If you have views that you want to share with us, do it @TheLocalFrance

Your comments about this article

2013-01-29 16:23:47 by Eric
Who decides what is "racist"? We are seeing the beginnings of speech being controlled by government. Leftist have always wanted to control what people on the right say. Those on the right have been much more tolerate. Mao, Stalin, Hitler, and other leftist have done this on a huge scale.
2013-04-21 15:58:39 by MaxxMurxx
The misconception is that someone who says "I could kill Obama" is likely to do it and therefore should be punished like the one attempting it. We frequently say, even only if to ourselves: "Sometimes I could kill my children/spouse/mother/mother-in-law/grandmother", but we never do it. It is just an expression to describe strong emotions. Those emotions will prevail even if the words for them change or will be suppressed at all. The question is what we DO with such emotions, not if we have them or if we describe them in our own words.
Today's headlines
Euro 2016
France survive Irish scare to make quarter-final
Antoine Griezmann scored two second-half goals. Photo: AFP

Antoine Griezmann broke Irish hearts with two second-half goals as France came from behind to claim a 2-1 win over ten-man Republic of Ireland and move into the Euro 2016 quarter-finals on Sunday.

'Transatlantic trade deal not good for EU': French PM
"I can tell you frankly, there cannot be a transatlantic treaty agreement. This agreement is not on track," Valls said. Photo: AFP

French Prime Minister Manuel Valls on Sunday blasted a planned EU-US trade treaty, saying the ambitious deal was against "EU interests."

Euro 2016
Five things you didn't know about France and Ireland
Photos: AFP

France and Ireland have more than a few interesting connections. Here are our favourite five.

Mixed reaction from the French as UK votes for Brexit
Photo: AFP

The Brexit vote has prompted a mixed bag of reactions from the French public.

Opinion - Brexit seen from abroad
'Today it's hard not to feel ashamed to be British'
Photo: AFP

Apologies France, we may have just messed up your country too.

Brexit
French in UK: 'Brexit vote is clearly against foreigners'
The French Bookshop in London's Kensington. Photo: AFP

Spare a thought for the French people living in the UK right now. They didn't even get to vote.

Hollande: Brexit vote 'a grave test for Europe'
Photo: AFP

President Francois Hollande said on Friday that he already regrets the UK's "painful choice".

Brexit - Property
How Brexit could now scupper that dream move to France
A house of sale in La-Faute-sur-Mer (Vendée). Photo: Frank Perry/AFP

The dream move to France may have to be put on hold or simply dropped.

Brexit
Brexit limbo: What happens next for Brits in France?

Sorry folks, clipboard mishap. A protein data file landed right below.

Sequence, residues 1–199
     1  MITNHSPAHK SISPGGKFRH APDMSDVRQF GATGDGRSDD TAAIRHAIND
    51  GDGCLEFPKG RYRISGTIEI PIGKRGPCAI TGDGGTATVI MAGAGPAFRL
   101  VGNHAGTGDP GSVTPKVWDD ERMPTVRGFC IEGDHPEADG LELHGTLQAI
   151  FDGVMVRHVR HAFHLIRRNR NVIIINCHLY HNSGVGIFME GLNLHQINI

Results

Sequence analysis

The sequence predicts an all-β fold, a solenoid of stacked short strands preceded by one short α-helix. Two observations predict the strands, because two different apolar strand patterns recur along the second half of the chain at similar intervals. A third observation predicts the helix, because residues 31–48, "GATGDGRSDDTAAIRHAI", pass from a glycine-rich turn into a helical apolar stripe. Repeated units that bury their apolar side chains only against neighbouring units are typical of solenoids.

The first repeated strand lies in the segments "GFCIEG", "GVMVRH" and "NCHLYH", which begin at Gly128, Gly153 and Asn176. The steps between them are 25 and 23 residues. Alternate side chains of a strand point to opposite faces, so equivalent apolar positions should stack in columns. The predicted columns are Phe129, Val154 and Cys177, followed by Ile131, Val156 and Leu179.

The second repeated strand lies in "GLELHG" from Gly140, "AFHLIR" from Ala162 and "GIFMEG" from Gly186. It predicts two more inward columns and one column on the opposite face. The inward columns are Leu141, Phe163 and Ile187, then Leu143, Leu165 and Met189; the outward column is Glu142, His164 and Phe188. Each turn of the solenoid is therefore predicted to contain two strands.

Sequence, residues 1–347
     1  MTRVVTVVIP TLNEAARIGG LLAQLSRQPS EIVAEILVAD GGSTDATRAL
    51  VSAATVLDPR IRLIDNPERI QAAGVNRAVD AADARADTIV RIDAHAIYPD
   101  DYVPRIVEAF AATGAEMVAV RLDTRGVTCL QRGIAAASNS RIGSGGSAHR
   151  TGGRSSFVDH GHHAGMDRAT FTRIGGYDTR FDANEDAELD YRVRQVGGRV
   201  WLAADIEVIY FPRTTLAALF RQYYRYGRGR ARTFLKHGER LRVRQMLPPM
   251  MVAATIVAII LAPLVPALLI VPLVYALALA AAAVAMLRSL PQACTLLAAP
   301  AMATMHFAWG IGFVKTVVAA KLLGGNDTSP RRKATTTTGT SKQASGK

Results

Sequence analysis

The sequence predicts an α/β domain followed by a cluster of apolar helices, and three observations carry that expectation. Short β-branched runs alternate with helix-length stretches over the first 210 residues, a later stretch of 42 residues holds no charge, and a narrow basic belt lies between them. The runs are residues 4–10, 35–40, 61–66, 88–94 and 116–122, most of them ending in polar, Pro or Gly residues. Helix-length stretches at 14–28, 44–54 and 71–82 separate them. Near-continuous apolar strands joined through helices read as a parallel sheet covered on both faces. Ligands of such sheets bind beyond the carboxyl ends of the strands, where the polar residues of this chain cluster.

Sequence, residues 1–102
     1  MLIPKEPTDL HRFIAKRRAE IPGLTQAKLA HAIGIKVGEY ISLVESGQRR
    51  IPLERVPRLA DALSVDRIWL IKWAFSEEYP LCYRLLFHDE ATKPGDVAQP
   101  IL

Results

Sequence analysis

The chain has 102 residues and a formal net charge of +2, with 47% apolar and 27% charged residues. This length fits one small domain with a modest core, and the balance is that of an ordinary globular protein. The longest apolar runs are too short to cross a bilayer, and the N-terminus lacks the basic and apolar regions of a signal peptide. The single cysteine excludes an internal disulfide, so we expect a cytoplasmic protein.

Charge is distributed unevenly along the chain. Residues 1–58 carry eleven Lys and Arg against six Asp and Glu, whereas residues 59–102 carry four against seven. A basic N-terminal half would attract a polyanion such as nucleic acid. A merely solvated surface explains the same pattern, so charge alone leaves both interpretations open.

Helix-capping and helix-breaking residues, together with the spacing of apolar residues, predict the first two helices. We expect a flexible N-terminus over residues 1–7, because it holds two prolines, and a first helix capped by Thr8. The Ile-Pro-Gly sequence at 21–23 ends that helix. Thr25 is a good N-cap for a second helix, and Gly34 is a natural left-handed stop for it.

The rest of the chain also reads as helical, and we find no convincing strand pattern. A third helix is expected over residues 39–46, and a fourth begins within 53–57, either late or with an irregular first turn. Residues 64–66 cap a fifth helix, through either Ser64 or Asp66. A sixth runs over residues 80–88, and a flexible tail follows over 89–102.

Brits won't be forced home, of course, but are forced to live in limbo for a while. Photo: AFP

So what happens now for Brits in France? Nothing too dramatic, but a lot of uncertainty amid legal limbo.

Brexpats on Brexit
Brexit: Life for Brits in France will get more complicated
Will France still be paradise for British expats after a Brexit? Photo: Simon/FlickR

After Britain voted to leave the EU, here's a look at what an EU legal expert had to say about the possible knock on effects for expats in France.

Sponsored Article
Education abroad: How to find an international school
Gallery
Ten reasons why you should think about becoming French
Sponsored Article
Why you should attend an international job fair
Analysis & Opinion
Brexit: Life for Brits in France 'will get more complicated'
Culture
20 English words that 'should be banished' from French
National
Best Briehaviour: A guide to French cheese etiquette
Features
And the best city in France for expats to live in is...?
Society
Forget bikes, Paris is set to roll out scooter rentals
National
'We fear for our safety': French police feel the strain
Lifestyle
Why Rennes (and not Paris) is the best city in France for expats to live
National
Why are the French losing appetite for baguettes?
Lifestyle
Naturism booms in France as young eager to ditch clothes
Lifestyle
Is working life better in London or Paris?
National
Dear Americans: Please come to Paris
National
It's official (kind of): French work fewest hours in EU
And the best football fans of Euro 2016 in France are?
National
Paris has wettest spring in 100 years and it's hitting morale
Police murders remind France of complexity of terror threat
National
IN PICTURES: Labour law protests in Paris turn ugly
National
Double murder just latest jihadist attack on French police and soldiers
International
French police appear unprepared for hooligan threat at Euro 2016
Sport
An A to Z guide of what to expect in France for Euro 2016
Sport
France bans matches from being shown on cafe terraces
National
Readers' views: 'If Brexit happens I'm becoming French just to stay in EU'
Technology
Should this be the new Metro map for Paris?
2,726
jobs available